Tuesday, June 18, 2013
By Meredith Goad email@example.com
If anyone should know how to pack a healthy school lunch, it would be Dr. Dora Anne Mills, former director of the Maine Center for Disease Control and Prevention – and a recently converted "veganish" vegetarian.
Reusable lunch containers even the brown paper variety can handle multiple reloads, and are good for the planet.
HEALTHY LUNCH BAG ITEMS FROM ERIN DOW, Guiding Stars Expert Chef:
• Kashi Go Lean Crunch (2 Guiding Stars)
• Triscuit Hint of Salt Crackers (3 Guiding Stars)
• Kashi TLC Trail Mix Soft Baked Cookie (1 Guiding Star)
• Goldfish Cheddar Baked 100 Calorie Snack Crackers (1 Guiding Star)
• FruitaBu Grape Smooshed Fruit (2 Guiding Stars)
• Flat Out Honey Whole Wheat Sandwich Wraps (2 Guiding Stars)
• Joseph's Flax, Oat Bran & Whole Wheat Flour Pita Bread (1 Guiding Star)
• Fruits and vegetables (most produce earns 3 Guiding Stars)
• Chobani Non-Fat Plain Greek Yogurt (3 Guiding Stars) (This makes a great base for healthy dips.)
FOR MORE OF ERIN DOW'S recipes, go to: GuidingStars.com
WORRIED ABOUT PLASTICS? Check out the "Back-to-School Guide to PVC-Free School Supplies" put together by the Center for Health, Environment and Justice for help finding PVC-free products – including school lunch bags. The guide can be found at chej.org.
Yet every year, she still struggles to find good-for-you foods that her children, ages 9 and 12, will actually eat. She has even dreamed up her idea of the perfect school lunch: It's plant-based, as fresh as possible, very low in fat and high-fructose corn syrup, has gone through little processing, is environmentally friendly and served in a reusable container (and lunch box).
And, oh yes, it can be prepared in five minutes the night before.
"There are days I look in my kids' lunches, and I see a lot of the opposite," Mills said.
Still, she and other parents have found creative ways to serve their children foods they like, in packaging that will ensure their lunch makes it safely to lunchtime even if they don't use insulated lunch bags.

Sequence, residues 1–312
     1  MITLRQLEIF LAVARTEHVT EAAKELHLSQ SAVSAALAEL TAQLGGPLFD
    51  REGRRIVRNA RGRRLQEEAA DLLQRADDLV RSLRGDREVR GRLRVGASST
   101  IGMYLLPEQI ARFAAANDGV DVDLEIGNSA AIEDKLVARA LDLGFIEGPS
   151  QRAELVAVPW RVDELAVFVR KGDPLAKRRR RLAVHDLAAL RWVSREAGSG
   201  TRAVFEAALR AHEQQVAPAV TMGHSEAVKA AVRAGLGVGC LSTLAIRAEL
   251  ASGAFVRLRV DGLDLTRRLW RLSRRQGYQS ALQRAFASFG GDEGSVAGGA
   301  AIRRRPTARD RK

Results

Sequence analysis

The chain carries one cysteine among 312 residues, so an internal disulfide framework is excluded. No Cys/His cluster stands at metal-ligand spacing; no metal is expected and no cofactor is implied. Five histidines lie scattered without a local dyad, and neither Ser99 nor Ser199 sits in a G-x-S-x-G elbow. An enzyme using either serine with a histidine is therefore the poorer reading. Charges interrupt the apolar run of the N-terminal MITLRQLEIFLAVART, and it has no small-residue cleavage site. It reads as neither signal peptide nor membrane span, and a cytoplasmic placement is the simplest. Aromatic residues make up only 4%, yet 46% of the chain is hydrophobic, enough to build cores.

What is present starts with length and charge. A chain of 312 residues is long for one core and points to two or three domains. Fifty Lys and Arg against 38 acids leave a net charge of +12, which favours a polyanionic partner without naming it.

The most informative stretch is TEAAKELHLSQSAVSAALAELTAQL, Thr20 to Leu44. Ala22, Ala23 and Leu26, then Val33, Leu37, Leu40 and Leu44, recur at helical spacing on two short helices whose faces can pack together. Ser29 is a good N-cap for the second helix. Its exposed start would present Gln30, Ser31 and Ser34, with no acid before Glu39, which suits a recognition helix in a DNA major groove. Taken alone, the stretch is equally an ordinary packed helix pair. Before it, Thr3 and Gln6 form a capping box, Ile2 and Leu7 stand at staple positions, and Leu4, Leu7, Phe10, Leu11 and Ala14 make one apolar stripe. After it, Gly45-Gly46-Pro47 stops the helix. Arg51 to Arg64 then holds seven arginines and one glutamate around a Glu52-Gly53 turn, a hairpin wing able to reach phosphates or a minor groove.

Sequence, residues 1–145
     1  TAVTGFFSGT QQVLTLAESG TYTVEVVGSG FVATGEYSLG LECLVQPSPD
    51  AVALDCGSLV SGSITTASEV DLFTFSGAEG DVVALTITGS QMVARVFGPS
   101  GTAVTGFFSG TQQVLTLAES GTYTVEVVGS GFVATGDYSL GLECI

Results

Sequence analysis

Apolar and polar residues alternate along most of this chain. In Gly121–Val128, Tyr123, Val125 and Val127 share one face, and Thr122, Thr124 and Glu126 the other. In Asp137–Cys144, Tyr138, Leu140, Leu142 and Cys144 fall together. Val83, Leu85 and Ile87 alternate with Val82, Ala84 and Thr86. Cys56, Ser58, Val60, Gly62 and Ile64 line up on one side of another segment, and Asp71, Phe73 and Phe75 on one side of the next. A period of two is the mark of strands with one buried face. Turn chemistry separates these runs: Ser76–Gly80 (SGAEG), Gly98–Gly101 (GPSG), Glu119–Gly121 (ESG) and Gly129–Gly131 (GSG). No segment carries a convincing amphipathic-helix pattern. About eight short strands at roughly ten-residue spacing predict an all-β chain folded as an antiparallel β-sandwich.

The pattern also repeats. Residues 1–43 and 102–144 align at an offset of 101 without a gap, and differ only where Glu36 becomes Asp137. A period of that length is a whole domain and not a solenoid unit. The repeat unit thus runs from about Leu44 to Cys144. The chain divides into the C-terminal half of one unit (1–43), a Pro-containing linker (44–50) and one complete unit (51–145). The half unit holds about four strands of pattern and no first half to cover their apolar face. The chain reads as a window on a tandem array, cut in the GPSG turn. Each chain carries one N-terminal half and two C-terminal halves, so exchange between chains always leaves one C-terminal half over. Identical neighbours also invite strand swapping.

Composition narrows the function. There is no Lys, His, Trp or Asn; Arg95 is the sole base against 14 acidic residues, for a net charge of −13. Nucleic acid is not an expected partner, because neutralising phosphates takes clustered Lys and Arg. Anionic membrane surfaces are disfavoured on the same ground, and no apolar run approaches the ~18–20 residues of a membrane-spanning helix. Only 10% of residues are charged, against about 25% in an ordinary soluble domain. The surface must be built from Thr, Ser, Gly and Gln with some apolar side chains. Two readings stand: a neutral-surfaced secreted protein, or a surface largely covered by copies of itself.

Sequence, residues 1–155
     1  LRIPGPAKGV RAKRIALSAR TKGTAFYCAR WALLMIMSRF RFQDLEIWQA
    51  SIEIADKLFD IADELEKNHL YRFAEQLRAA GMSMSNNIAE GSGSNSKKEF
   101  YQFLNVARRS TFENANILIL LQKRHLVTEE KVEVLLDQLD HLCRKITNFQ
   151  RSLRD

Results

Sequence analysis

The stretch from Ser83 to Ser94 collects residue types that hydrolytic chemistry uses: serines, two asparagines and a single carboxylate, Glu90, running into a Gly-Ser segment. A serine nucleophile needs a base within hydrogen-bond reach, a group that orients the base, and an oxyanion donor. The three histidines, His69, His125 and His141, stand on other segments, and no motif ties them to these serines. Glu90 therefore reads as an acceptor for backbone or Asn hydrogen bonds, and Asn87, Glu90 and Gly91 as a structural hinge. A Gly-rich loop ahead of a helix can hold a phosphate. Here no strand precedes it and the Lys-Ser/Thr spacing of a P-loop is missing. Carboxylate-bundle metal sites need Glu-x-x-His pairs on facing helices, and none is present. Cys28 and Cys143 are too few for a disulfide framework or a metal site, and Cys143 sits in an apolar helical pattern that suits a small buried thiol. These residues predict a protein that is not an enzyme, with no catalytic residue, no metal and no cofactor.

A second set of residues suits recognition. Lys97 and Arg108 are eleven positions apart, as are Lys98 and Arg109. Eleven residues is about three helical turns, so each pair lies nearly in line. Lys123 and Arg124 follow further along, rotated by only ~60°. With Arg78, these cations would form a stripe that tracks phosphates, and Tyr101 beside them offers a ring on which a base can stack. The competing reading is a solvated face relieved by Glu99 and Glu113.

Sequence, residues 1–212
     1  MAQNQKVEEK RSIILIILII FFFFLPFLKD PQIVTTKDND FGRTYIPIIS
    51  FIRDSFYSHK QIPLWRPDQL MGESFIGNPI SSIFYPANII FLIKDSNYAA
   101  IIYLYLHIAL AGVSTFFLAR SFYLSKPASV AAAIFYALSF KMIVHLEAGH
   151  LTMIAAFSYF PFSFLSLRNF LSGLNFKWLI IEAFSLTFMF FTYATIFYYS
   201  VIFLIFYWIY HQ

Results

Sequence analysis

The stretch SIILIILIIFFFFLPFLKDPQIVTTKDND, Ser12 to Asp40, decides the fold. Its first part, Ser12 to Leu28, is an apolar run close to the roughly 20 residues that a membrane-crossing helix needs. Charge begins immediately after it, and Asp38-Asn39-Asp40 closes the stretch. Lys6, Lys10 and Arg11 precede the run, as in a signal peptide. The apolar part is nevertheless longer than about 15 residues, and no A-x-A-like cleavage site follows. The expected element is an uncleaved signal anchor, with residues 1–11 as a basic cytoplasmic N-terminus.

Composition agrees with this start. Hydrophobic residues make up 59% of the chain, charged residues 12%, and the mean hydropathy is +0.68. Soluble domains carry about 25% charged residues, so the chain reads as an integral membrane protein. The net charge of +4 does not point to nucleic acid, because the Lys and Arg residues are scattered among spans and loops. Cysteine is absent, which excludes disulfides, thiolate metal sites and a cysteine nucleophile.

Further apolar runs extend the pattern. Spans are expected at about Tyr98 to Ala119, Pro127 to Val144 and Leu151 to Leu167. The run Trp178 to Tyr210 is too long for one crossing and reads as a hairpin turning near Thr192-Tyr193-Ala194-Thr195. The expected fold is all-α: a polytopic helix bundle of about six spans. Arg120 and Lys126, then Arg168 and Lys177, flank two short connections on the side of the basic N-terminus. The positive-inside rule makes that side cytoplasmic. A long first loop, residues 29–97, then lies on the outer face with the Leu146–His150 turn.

Erin Dow of Winthrop is another busy mom who has the added challenge of packing her three children, ages 11, 9 and 6, lunches that are not only good for them but are also nut-free. Dow is a caterer and the expert chef for the Scarborough-based Guiding Stars program, which awards foods in the grocery aisles zero to three stars based on their nutritional value.
Her children's school recently went nut-free, and "a lot of parents and friends freaked out because they didn't know how they were going to get protein without peanut butter."
"I don't have a problem getting fruits and vegetables into my kids," Dow said. "They'll eat them all day. But it's the proteins that are going to make them grow tall."
Turn the page to get some ideas from these two moms that might help other time-starved parents pack a healthier school lunch this fall.
• Most kids like trail mix, but if they can't eat nuts, most of the trail mixes in the store won't do. Dow makes her own trail mix, starting with a base of protein-rich Kashi Go Lean Crunch cereal. Then she adds in dried fruits such as raisins, apricots, dried cherries and cranberries, and even a few dark chocolate M&Ms.
"I think of the trail mix as like the chicken breast that would be on my plate at dinner, except it's a kid thing," Dow said. "It's sweet, it's crunchy, it's fun, it's tactile, it's colorful, and all of those elements I find help improve consumption in children as well. If it looks cute, they're more likely to eat it."
• Yogurt and cream cheese are two of the items Dow says she'd be least worried about spoiling in an uninsulated lunch box. But if you don't want to take any chances, buy some of those tubes of yogurt sold for children and pop them in the freezer.
"If you freeze those and stick them in the lunch box frozen, by the time they eat lunch at 11 o'clock, they'll be thawed and they can just kind of shake them up and they're good as new," Dow said. "If they're still frozen, then they just think that you gave them frozen yogurt, which is even better."
• Blend a smoothie with yogurt and fresh fruit and pour into a canning jar, leaving a little room at the top for expansion. Freeze the smoothie. As it thaws in the lunch box, it will keep any other perishables cold. (Dow sends a lot of her children's food to school in canning jars to stay away from plastics and disposable packaging. "I've found that really the only way you can break them," she said, "is if you drop them squarely on their bottom, and that rarely happens.")
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Dr. Dora Anne Mills